Have you ever seen an otherwise good homepage ruined by the presence of too many social media feeds? Facebook, Twitter, Instagram, flickr, tumblr – it looks like social media vomited on your homepage!
You want to include relevant social media information on your organization’s website. But giving each of these feeds its own space on the homepage takes up too much real estate – and takes the user’s focus away from what’s important: the actual site content. The external aggregated feeds are stealing all the attention from what the site is there for in the first place. Instead of having multiple feeds, it would be great if you could merge them all together into one feed. But that raises the question: “How do I do that?” Well, there are a couple different ways to look at it.
A Possible Solution
Most of the time, people think the easiest way to do this is to create your own script to pull content from the many different locations. Since most feed aggregators follow some sort of RSS standard, it is possible to pull the title, link and other similar information from every feed you’re using. Most sites will also offer additional usable information such as a link to the icon of the feed provider, or a link to a profile image if it’s on Facebook or Twitter. The aggregated content would then need to be stored into a local database for the ease of feeding the data to the user, instead of having to re-request the data again.
On the other hand, there is a very large list of potential problems when building your own feed aggregator, such as: what if the feed you’re using doesn’t support the RSS Standard listed above? Now you are stuck writing a custom piece for this specific feed in addition to all the different formats you’ll be receiving from different sources. How frequently should you pull the data so you don’t get blocked by the source? Also, your script is all code driven, so you may want to develop an administration tool for others to add to or modify the data — if you don’t, you may be the only one administering the feeds since you wrote the script. You’ll also have to keep in mind the amount of traffic and the availability and/or the reliability of your tool.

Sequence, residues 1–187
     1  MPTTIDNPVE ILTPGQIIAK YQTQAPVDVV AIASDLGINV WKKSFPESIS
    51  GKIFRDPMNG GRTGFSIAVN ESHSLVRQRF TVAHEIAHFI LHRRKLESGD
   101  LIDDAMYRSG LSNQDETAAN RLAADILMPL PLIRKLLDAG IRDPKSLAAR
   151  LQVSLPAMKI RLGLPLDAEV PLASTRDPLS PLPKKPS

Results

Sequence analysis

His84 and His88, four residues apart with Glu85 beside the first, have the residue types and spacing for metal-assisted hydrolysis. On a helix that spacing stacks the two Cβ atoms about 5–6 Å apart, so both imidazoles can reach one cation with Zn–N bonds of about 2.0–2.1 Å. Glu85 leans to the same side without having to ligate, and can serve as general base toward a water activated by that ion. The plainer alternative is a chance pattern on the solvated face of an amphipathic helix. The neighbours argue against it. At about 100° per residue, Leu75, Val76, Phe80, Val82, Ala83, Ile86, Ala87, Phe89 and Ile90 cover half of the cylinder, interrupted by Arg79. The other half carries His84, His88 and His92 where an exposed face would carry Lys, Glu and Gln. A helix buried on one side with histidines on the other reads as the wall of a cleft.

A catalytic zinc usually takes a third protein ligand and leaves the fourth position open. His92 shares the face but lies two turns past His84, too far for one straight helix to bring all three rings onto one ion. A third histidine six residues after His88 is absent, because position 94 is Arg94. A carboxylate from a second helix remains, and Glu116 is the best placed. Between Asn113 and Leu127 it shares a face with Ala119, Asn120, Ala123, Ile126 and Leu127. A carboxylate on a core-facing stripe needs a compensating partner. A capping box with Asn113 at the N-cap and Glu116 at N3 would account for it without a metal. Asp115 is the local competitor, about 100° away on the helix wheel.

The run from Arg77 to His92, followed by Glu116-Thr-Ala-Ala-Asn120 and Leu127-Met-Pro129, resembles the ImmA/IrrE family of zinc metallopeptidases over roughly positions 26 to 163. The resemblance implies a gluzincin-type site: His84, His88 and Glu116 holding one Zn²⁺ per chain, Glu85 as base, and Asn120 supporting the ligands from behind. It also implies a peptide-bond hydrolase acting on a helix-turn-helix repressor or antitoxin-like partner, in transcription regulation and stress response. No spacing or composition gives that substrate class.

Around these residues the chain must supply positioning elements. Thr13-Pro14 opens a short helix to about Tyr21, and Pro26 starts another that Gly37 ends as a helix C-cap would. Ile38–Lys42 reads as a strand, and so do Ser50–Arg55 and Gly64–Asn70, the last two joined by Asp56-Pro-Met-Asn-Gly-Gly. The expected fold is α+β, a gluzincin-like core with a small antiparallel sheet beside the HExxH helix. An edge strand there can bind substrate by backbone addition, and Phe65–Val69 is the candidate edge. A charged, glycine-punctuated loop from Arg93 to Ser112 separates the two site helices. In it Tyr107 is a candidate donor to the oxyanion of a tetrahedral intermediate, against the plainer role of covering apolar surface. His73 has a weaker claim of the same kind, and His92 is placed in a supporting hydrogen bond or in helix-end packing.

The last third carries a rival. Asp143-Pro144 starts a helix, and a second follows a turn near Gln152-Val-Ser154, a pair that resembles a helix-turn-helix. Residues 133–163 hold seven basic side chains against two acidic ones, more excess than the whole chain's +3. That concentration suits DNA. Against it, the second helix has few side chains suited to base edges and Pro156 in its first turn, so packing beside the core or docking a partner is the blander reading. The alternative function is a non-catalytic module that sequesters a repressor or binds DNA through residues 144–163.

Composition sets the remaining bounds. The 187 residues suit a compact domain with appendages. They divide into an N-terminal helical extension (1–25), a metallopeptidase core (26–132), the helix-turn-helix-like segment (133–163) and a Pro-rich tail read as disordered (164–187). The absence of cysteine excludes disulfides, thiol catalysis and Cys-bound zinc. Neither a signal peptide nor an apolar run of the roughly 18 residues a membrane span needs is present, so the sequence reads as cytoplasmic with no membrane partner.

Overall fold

A Better Solution
Another way to aggregate this data is to use a 3rd party service, for example Yahoo! Pipes, or Dapper (which is from Yahoo!). This doesn’t prove that the internet is made of tubes, but rather allows you, the developer, to merge data according to how you need it, and still allows others to come and modify your aggregator as needed through its easy-to-learn administration interface. Yahoo! Pipes is a powerful composition tool to aggregate, manipulate, and mash up content from multiple sources around the web, as easily as connecting points on a graph. It’s simple to learn, and with hundreds of pipes already created, the pipe that you want may simply require manipulation of another pipe that already exists. The Pipes service is highly available, and has multiple servers that aggregate your data which allows you to parse just about anything. Below is a screenshot of the Pipes interface, and shows the different ways a user is able to manipulate data from feeds.
Looking at both methods and the amount of effort that is required with manual development vs. Pipe aggregation, it’s clear that you would save a lot of time and effort by using Yahoo! Pipes to aggregate your data. You won’t have to conform to a standard across 3 or 4 feed sources and you would have a very nice interface to modify or add sources as you felt necessary. In addition, you would get all of that real estate back on your home page and feature what’s really important, your content! Or, in place of those feeds, you could put a little snippet about how Beaconfire helped you reclaim your page real estate – just a suggestion.